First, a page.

Trying this again, as my last post failed to generate much interest on TWO separate fora, so I'm thinking I must have done something wrong . I believe I have the correct sequence of events describing the controversial trade and why it was not, as has been consistently portrayed by Media and Realists alike, a case of Jerry swooping in and overruling his Coaches and scouts with a last second power play.
For evidence, I point to the Morris Claiborne trade. We know several things about this trade, Most notably, we know it was arranged in advance, dependent upon a certain order for the draft to fall. We know when it did happen, the Cowboys pulled the trigger on the trade, and, finally, we know that the Rams asked for more compensation and were refused. This shows two important things:
#1 - First Round Trades do NOT happen on impulse. They are planned contingencies, set up hours or even days in advance. Teams are simply not going to throw around valuable picks on a last minute sales pitch by a desperate GM on the phone.
#2 - The Dallas Cowboys are valuing picks based on the Harvard Trade Chart and not the Jimmy Johnson Chart. Dallas targeted Claiborne and traded up to get him. By the Jimmy Johnson chart, their arranged trade was 50 points in favor of Dallas (A late 4th rounder). When you are targeting a blue chip player, you don't skimp on your offer. Typically the team trading up loses value. The Rams (who certainly needed CB help as well) asked for more...and were stonewalled. Now, if teams were still using the Jimmy chart, the Rams could've, and should've, said "fine... we'll take Claiborne". But they didn't... they backed down.
I don't recall anyone crowing about how badly we ripped off the Rams to the tune of a (sound familiar?) 4th round pick, but the bigger point is that the Claiborne trade, by the Harvard Chart, is in favor of the Rams by almost the same pick. I believe this is significant evidence that NFL teams recognize the Harvard Trade Chart as legitimate, and, more specifically, it's the chart the Cowboys use to determine value.
So let's apply these things to 2013.
#1 -- the trade was a prearranged contingency. Given the interest in upgrading the o-line, it's safe to presume that Dallas was primarily interested in the top 5-6 o-linemen. I don't think there's any question that Dallas would've taken one of the top 5 had they been available at 18. Whether they would've taken Fluker or not is debatable, but academic, as Fluker went at #11 to San Diego. So it seems likely that the contingency trade was the opposite in this case-- that should the linemen go early, we trade back. The problem is that there was only one real trading partner looking for the right player with a decent number of picks-- San Francisco. The lack of likely partners points towards, again, a pre-arranged trade based on contingency.
#2 -- the trade was based on value for the Cowboys. The trade back was not about targeting a particular player or position, it was about gaining value. Because while many have talked extensively about how badly the cowboys were ripped off, they are using the wrong chart. Using the Harvard Value Chart (which values mid round picks more highly, seemingly especially appropriate for a draft in which the meat of the value is in the 2nd and 3rd rounds) Dallas was already ahead in value by a high 5th round pick (134 or 135).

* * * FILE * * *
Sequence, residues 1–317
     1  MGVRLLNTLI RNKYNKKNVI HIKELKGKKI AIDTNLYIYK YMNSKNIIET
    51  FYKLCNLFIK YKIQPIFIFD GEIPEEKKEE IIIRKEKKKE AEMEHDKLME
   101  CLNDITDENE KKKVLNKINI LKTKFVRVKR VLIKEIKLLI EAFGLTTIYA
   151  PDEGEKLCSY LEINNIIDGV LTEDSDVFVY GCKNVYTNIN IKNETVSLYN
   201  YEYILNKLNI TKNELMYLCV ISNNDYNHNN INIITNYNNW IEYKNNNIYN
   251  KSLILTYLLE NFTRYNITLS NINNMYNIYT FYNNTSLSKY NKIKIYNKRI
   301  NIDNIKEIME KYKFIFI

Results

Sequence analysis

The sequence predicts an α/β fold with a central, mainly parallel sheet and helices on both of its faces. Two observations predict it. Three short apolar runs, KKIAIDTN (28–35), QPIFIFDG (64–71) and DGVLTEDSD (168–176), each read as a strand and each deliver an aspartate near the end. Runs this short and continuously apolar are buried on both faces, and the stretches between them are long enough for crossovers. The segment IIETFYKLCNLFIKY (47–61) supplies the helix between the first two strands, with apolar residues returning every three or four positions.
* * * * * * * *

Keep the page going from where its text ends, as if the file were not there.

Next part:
So what was the argument about? Easy. The plan was in place, everything was going swimmingly and the 9ers were ready to play ball on a trade... and someone in the scouting department said "hey, this guy was #5 on our board, are we sure we don't want him?" And then the issue of Floyd's value as #5 guy versus the value of a trade netting us extra value becomes the debate. Doesn't it make sense, in those circumstances, if there's real conflict, to toss the question at the Defensive Coordinator? "Hey, Monte, we've got a juicy trade lined up, but we've got a stud DT sitting here in our laps, which do you think is better?"
"Welp," says Monte, "the guy has good measurables, but he seems kinda raw and lacks production. Plus, we like Rat and Hatcher, so he might only end up being a rotational player for us, anyhow."
And yet, we prefer the narrative of the wild-eyed owner swooping in and undermining everyone in the room to show 'em all who's boss on this team because that fits our preconceived notions better.
But be clear, there's absolutely no reason to believe the trade down was a mad, last minute decision and every reason to believe the sudden push to get Floyd was exactly that.... because the trade was in the works from at least pick 11 or, more likely, from days before; while Floyd being there at 18 was the last minute change. Enjoy your narrative if you want, and we may never know what the details of the conversation were. But I would bet large amounts of cash that I have the right of it, here. Particularly if your alternative hypothesis was that Jerry simply got a wild hair and called the 9ers against everyone's wishes.
And it was the right choice. There's no question we needed o-line help more than d-line help. There's no question that Frederick and Williams combined are worth more than Floyd. And there's no question that those are questions that matter when discussing this trade.
Claiborne Trade -- Johnson Chart: Cowboys 1550, Rams 1600 Dallas owes rams pick 122
Harvard Chart: Cowboys 424.8, Rams 342.4 Rams owe Dallas pick 118
Reid Trade -- Johnson Chart: Cowboys 900, 9ers 820 9ers owe Dallas pick 107
Harvard Chart: Cowboys 249.2, 9ers 321.4 Dallas owes 9ers pick 135